Thomas More was already dead before the first settlers in North-America (where do you get those sources?), Locke wrote his important work in the Netherlands, just like many philosophers of the enlightment like Descartes, Voltaire, Erasmus, Spinoza worked there because of the freedom of speech, or had their books printed there because of the freedom of print and press. Many others visited to find out about life in that prosperous republic. So I'm afraid the American DoI didn't need any native American wisdom.

It might explain why the Native Americans got along quite well with the Dutch settlers in New Netherland (today's New York mainly), especially at first. The Dutch were just traders, not rulers, and the settlement was modelled after the Dutch Republic. The Native Americans liked to trade too and had a lot of fur on offer for for example metal tools, it wasn't without troubles throughout the whole time, but they respected eachother for fair deals and keeping their word. With freedom of religion and speech, citizenship, equality and egalitarianism, women were also very free in the Dutch Republic to the amazement or disgust of foreign visitors, so they had that in common. It was a very multicultural and multiracial settlement with all kinds of Europeans, Asians, Native Americans and Africans. The first blacks in North America were most likely free because the Dutch brought them very early and considered slavery unchristian until 1636. Officially at least, but New Netherland was run by the WIC, a semi military trade enterprise to take the war with mainly Spain and Portugal at that time to the seas and cut off the money to finance the war against the Dutch Republic, so the settlement and all the WIC's ships were official and government controlled. If a Dutch ship would capture a Spanish or Portuguese ship they were allowed to take it's cargo, but the slaves had to be set free and would be de iure free when setting foot on Dutch soil. Because of the high death rate among sailors and because you couldn't just leave people on some unknown shore to die, a lot of them ended up beeing employed by the WIC. There are records showing blacks in New Netherland negotiating wages, marrying in Church and owning farms.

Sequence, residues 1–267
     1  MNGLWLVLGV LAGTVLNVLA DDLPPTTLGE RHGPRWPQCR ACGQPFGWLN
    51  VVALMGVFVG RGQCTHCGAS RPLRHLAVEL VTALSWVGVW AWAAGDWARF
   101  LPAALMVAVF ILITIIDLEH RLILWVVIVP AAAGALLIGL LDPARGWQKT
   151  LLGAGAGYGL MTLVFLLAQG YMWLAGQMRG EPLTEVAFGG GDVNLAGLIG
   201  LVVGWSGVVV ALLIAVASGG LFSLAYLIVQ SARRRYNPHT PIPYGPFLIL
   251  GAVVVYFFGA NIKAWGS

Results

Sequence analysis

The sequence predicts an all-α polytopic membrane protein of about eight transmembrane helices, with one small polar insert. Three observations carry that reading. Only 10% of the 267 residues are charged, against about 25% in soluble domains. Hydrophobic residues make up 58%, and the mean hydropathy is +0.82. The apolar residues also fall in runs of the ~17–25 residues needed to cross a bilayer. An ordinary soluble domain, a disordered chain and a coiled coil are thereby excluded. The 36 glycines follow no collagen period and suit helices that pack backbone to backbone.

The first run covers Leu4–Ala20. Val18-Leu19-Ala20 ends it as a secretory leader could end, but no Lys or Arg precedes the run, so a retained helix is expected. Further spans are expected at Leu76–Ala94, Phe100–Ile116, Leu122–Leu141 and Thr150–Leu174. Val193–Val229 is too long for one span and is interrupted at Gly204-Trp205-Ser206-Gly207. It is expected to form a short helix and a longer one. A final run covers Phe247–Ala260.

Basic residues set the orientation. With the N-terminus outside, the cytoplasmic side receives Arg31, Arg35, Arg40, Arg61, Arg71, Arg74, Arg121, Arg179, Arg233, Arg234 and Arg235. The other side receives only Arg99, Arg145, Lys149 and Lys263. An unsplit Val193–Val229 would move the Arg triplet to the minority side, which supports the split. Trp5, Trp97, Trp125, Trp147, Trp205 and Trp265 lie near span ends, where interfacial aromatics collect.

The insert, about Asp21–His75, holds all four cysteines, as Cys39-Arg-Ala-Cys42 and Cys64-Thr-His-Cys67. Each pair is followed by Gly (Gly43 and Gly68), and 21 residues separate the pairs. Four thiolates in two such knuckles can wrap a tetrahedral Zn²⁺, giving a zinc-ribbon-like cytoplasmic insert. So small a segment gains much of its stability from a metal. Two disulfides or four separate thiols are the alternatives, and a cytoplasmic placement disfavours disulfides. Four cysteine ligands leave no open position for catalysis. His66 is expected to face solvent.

So it's the Dutch legacy that shaped the DoI, either through the remains of New Netherland, or through the philosophers of the enlightment, or just by translation of the Dutch declaration of independence. That's of course not the story the WASP's tell you, the victors write history and the Dutch were forced out by the English. The Dutch took the wrong moral turn by themselves, urged by the aggression of all the kings from Spain to England that wanted to end the Republic for obvious reasons, but not forced. Idealism and rightiousness had faded with incredible wealth and the grim realities oversees. They became a slave trading colonial power only slightly better than the English later on and in the 19th century they were even behind on the English when it came to abolition.